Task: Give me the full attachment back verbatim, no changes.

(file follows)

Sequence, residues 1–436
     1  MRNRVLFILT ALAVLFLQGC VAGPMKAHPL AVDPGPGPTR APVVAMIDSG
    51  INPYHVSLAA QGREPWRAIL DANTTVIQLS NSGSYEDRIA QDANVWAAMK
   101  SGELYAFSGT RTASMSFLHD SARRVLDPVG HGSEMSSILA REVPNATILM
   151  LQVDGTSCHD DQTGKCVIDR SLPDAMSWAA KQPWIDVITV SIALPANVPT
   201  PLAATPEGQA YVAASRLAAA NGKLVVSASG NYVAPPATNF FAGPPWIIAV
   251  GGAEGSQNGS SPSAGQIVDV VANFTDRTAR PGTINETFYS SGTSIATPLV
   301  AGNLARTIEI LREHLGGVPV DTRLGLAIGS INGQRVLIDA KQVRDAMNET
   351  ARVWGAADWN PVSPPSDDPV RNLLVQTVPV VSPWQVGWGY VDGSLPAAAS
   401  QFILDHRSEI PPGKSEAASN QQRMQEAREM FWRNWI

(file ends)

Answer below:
Sequence, residues 1–436
     1  MRNRVLFILT ALAVLFLQGC VAGPMKAHPL AVDPGPGPTR APVVAMIDSG
    51  INPYHVSLAA QGREPWRAIL DANTTVIQLS NSGSYEDRIA QDANVWAAMK
   101  SGELYAFSGT RTASMSFLHD SARRVLDPVG HGSEMSSILA REVPNATILM
   151  LQVDGTSCHD DQTGKCVIDR SLPDAMSWAA KQPWIDVITV SIALPANVPT
   201  PLAATPEGQA YVAASRLAAA NGKLVVSASG NYVAPPATNF FAGPPWIIAV
   251  GGAEGSQNGS SPSAGQIVDV VANFTDRTAR PGTINETFYS SGTSIATPLV
   301  AGNLARTIEI LREHLGGVPV DTRLGLAIGS INGQRVLIDA KQVRDAMNET
   351  ARVWGAADWN PVSPPSDDPV RNLLVQTVPV VSPWQVGWGY VDGSLPAAAS
   401  QFILDHRSEI PPGKSEAASN QQRMQEAREM FWRNWI